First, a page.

University of Richmond School of Law
28 Westhampton Way
University of Richmond, Virginia 23173

Re: Employer Recruiting Non-Discrimination Policy

Gentlemen:

To introduce myself, I am an attorney (UVA Law 1977) admitted to the Virginia, Alabama, and Texas bars. To my knowledge, I am one of only two (2) publicly and professionally "out" LGBT attorneys in the Hampton Roads area - a region with a population of approximately 1.5 million residents. I am also a contributor to LGBT/political blogs. Because of my extensive involvement in the Hampton Roads LGBT community, I believe I can safely say that none of the large local law firms have any "out" attorneys. A few have LGBT attorneys who live in the closet if you will and live in fear of being fired should their sexual orientation become known.

As the Employment Nondiscrimination Act ("ENDA") continues to languish in the U.S. Congress, LGBT Virginians continue to have no legal employment protections against being terminated from employment or not hired in the first place due to their sexual orientation. This situation is not unique to Virginia and holds true in many other states. Each of your law schools have put in place policies that require recruiting law firms and corporations to agree to adhere to a non-discrimination policy that bars employment discrimination based on sexual orientation. For this I and others in the LGBT community applaud your institutions.

Unfortunately, there is a major disconnect it seems when it comes to law firms actually adhering to the non-discrimination policies required by your institutions. Research has shown that while Virginia's mega law firms - Williams Mullen, P.C., McGuire Woods, L.L.P., and Hunton & Williams - actually have such policies in place at their firms, the majority of law firms do not. Instead, they either have a policy that does not include sexual orientation - e.g., Kaufman & Canoles, P.C. - or have no stated policy that I can identify: Willcox & Savage, P.C., Vandeventer Black, L.L.P., Watt Tieder Hoffar & Fitzgerald LLP, Wolcott Rivers Gates, P.C., Taylor & Walker, P.C., Christian & Barton, P.C., Hirschler Fleischer, P.C., and Huff, Poole & Mahoney, P.C. To make matters worse, two of the named firms - Willcox & Savage, P.C and Wolcott Rivers Gates, P.C - have in the past forced LGBT individuals from those firms because of their sexual orientation.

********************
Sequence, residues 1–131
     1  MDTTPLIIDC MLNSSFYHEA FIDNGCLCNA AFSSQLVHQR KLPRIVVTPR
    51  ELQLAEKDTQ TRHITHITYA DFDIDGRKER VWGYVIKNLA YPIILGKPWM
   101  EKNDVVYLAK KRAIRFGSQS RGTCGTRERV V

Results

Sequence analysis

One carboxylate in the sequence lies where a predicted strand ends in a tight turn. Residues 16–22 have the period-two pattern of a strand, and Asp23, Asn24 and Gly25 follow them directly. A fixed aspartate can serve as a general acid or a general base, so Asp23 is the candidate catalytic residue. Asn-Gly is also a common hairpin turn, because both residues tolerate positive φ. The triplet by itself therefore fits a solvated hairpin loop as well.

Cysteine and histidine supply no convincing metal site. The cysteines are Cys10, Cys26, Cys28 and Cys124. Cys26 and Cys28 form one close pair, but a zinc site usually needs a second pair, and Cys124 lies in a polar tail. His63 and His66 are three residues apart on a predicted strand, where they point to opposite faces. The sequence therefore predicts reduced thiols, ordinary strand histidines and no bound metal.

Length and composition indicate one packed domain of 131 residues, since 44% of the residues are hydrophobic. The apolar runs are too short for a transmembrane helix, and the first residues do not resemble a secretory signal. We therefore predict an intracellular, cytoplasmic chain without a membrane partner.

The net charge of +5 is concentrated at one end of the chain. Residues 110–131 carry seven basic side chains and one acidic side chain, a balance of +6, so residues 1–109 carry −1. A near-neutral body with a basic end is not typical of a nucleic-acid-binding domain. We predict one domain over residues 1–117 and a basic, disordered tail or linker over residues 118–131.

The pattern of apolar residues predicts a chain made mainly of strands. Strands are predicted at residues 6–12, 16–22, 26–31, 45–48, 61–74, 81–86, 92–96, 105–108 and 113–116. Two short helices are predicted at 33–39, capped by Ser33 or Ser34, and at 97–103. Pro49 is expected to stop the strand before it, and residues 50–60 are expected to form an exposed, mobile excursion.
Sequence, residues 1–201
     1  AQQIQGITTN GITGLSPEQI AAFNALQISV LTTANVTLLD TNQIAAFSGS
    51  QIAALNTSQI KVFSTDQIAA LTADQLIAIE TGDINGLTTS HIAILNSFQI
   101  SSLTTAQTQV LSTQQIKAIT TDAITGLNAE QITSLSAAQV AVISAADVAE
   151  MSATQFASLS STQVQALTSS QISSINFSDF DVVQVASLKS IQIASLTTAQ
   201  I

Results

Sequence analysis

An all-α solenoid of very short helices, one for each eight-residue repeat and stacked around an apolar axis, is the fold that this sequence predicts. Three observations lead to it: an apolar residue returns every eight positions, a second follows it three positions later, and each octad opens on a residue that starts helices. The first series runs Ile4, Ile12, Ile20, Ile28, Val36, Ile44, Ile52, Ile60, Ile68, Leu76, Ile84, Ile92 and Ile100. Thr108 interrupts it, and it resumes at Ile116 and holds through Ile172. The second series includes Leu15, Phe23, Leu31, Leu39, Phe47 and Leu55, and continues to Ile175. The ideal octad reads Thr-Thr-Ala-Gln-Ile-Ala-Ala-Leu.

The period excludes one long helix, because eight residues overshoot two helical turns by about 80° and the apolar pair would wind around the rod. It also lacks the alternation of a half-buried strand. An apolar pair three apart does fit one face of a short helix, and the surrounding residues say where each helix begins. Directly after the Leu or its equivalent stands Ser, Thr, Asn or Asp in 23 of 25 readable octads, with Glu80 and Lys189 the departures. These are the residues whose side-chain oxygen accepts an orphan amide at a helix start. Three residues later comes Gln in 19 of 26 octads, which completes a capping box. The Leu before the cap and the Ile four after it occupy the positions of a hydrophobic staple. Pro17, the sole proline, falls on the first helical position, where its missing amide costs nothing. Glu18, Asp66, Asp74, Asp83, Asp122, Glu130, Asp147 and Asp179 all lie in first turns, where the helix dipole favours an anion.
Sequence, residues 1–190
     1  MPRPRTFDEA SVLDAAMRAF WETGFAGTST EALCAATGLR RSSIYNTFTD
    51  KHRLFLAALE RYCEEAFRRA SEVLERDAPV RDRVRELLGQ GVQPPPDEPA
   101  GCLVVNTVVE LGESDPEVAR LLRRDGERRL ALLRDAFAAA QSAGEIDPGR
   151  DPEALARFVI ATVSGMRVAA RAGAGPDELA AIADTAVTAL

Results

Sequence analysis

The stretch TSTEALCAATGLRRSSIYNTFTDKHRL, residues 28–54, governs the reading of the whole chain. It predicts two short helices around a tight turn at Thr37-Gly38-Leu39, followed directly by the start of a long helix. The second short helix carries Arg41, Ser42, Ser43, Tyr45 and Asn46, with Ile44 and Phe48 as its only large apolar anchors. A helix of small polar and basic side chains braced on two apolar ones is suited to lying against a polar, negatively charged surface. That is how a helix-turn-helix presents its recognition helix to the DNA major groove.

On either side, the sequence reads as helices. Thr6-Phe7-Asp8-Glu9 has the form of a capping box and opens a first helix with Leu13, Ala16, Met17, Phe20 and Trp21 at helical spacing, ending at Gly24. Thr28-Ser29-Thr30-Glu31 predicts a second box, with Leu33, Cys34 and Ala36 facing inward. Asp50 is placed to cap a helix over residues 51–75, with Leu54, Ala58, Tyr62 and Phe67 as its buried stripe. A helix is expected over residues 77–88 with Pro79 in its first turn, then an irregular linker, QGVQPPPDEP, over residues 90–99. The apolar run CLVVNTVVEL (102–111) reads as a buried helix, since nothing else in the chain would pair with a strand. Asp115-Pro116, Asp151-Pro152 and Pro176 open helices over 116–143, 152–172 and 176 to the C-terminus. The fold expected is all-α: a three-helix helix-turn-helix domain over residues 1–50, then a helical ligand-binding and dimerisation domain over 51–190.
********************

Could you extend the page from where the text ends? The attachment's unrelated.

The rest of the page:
I am writing you for two reasons. First, I would like your reactions to the manner in which the majority of Virginia's law firms seem to fail to follow through on their supposed agreement to abide by your institutions' nondiscrimination policies. Second, I would like your thoughts on what your institutions can do to actually enforce your respective policies. For example, should law firms be required to have formal non-discrimination policies in place in order to interview on campus? Will there be real consequences for firms that fire attorneys and staff based on sexual orientation?

I plan on doing a story on this issue that will be both published on some blogs as well as circulated to other writers at news outlets, bloggers and activists. I look forward to your responses. Thank you in advance for your cooperation.

Sincerely,


If and when I receive responses from these law schools I will post one or more updates. Meanwhile, I would encourage others to contact other prominent law schools and ask how/why they allow homophobic law firms to recruit on campus notwithstanding the law school's employment non-discrimination policies for would be employers.